The will was duly proved by the plaintiff, Thomas Fulford, the executor therein appointed, who qualified as such, and assented to the legacies therein given. Louisa Fulford, the widow, died in the year 1850, as also did Sabra Shackleford, the intestate of the defendant. The bill was filed by Thomas Fulford and Ziba Simpson and his wife Abigail, against the defendant, as the administrator of Sabra Shackleford, alleging that the plaintiff, Thomas, had purchased the interest of the other plaintiffs in a part of the slaves and their increase, given to the said Louisa for life, and praying for a partition of said slaves between himself and the defendant, as the administrator of the said Sabra. In said partition, he claimed to have three fourths of said slaves assigned to him, to wit, one half in his own right, and one fourth by virtue of the assignment from Simpson and his wife; and he alleged that upon a petition in the County Court for partition of a portion of the slaves, given by the same clause of the will of his testator, the slaves were divided between himself and his two sisters in those proportions. The defendant filed his answer, in which he admitted all the material facts stated in the bill, but contended that upon a proper construction of the will of Stephen Fulford, the plaintiff, Thomas, was entitled to only one sixth or two twelfths of the said slaves in his own right, and five twelfths under his purchase from Simpson; and that he was entitled in right of his intestate to the remaining five twelfths; and he insisted that the construction must be made upon the will itself, and not by any thing which had been done by the parties.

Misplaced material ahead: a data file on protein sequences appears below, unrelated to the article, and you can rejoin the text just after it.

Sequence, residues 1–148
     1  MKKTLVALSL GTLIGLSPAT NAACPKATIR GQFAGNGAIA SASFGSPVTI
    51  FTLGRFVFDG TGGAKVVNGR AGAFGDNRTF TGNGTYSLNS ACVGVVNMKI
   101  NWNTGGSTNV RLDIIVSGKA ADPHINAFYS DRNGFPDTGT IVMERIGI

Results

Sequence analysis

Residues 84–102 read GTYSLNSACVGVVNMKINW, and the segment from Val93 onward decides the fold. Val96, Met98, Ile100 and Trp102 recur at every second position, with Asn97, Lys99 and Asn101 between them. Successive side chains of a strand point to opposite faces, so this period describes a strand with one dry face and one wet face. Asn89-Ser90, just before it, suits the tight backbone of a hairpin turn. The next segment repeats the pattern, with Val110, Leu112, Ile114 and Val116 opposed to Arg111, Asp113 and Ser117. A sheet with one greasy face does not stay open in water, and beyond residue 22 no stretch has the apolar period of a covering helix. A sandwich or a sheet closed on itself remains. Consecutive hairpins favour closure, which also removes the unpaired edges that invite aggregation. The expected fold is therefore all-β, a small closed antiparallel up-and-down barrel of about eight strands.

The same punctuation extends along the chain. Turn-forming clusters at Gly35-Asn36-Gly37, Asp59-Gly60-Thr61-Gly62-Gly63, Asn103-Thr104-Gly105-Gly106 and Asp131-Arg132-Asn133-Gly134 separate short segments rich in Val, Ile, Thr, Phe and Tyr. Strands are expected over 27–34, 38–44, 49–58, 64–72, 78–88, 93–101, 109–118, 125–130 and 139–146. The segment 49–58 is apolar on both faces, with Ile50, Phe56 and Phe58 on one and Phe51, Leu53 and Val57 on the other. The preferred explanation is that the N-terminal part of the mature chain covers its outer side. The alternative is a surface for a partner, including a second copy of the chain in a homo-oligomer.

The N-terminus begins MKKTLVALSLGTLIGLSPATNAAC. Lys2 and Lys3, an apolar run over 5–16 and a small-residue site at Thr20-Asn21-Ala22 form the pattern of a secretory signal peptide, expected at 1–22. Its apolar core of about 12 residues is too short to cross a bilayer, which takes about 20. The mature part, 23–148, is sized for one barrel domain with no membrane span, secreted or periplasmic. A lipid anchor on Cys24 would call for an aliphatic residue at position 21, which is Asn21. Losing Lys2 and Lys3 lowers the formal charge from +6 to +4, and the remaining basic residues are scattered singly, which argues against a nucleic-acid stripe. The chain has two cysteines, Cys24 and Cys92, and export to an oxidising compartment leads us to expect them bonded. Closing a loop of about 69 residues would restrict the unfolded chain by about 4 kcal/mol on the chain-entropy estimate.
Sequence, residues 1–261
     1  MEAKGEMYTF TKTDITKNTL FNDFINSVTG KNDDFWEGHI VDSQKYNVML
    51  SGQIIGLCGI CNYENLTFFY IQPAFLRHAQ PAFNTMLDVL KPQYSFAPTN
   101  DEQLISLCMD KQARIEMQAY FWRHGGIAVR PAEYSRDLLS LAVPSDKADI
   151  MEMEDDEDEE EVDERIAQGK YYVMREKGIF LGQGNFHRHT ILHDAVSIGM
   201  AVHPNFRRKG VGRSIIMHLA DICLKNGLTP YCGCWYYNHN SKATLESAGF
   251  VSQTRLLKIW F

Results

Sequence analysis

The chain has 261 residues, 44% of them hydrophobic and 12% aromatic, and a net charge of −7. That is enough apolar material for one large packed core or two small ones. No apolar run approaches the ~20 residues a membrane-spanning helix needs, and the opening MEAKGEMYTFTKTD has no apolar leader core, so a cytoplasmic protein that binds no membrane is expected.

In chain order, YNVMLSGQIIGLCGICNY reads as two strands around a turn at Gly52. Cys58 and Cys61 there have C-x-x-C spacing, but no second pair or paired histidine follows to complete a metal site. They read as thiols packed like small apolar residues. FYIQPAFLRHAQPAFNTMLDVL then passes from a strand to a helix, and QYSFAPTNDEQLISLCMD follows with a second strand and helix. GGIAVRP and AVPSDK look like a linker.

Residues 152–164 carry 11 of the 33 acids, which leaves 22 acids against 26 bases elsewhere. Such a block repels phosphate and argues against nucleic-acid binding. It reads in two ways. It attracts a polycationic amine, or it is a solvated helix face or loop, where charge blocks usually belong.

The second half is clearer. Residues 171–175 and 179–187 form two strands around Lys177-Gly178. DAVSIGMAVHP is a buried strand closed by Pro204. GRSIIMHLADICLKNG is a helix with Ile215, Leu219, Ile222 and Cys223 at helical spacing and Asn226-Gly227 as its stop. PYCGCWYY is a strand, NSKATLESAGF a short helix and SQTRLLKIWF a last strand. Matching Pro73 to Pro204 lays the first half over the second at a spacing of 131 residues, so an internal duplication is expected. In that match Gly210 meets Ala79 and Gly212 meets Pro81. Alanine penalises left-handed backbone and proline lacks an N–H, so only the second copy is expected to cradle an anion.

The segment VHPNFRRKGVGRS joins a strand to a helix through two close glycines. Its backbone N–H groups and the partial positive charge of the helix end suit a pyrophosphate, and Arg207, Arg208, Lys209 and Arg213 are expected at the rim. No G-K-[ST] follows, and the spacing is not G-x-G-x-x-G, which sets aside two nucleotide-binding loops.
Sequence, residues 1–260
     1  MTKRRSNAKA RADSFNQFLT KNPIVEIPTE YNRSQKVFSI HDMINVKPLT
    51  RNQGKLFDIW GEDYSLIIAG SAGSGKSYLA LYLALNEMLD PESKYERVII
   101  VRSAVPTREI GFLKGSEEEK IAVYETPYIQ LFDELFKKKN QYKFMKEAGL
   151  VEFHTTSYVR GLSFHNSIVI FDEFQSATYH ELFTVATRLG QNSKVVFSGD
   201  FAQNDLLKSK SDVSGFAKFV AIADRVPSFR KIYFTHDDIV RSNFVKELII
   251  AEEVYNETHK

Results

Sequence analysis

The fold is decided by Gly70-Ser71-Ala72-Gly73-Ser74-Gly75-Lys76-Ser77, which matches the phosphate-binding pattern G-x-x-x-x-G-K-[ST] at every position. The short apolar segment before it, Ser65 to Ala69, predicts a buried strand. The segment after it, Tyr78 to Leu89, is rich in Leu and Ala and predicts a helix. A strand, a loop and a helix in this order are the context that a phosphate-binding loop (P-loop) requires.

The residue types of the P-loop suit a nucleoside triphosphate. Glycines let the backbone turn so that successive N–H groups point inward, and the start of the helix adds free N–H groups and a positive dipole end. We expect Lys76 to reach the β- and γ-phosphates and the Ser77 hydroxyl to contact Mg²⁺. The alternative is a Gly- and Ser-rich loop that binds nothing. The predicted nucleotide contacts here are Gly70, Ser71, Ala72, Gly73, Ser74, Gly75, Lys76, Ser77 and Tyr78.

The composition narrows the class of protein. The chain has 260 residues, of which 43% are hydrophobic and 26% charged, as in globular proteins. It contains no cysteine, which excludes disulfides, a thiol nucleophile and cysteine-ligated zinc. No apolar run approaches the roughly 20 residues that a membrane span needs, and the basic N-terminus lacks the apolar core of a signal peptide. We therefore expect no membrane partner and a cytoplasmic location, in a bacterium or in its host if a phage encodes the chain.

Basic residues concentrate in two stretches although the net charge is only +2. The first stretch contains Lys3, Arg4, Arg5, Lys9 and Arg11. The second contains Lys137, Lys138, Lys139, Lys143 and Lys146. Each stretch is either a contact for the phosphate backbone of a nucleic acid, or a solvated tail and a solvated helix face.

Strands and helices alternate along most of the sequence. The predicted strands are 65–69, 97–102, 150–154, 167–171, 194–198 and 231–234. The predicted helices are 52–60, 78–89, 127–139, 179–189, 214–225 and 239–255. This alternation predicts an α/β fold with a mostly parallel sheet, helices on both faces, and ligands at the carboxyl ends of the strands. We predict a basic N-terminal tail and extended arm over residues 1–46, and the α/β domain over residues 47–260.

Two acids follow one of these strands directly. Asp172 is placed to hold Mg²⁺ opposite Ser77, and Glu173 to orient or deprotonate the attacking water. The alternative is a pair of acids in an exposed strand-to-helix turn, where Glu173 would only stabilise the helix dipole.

The cause was set for hearing, and by consent, transmitted to the Supreme Court.
J. W., with whom was J. H. Bryan, for the plaintiffs,
Donnell, for the defendant.

BATTLE, J., after stating the case as above, proceeded : — The only difficulty between the parties arises from that clause of the will which gives the " remainder of the furniture and all property ' ' to be divided between the two daughters and son, the son "to have half a part," and the two daughters the "remainder."

The counsel for the plaintiffs contends that the obvious meaning is to give the son one half of the property there referred to, leaving the other half to be equally divided between the two sisters. He contends further, that such meaning is made more manifest by the intent of the testator, apparent from other parts of the will, to give the son much the larger portion of the property ; and also by the parties themselves having put that construction upon tho clause, when they divided the other slaves.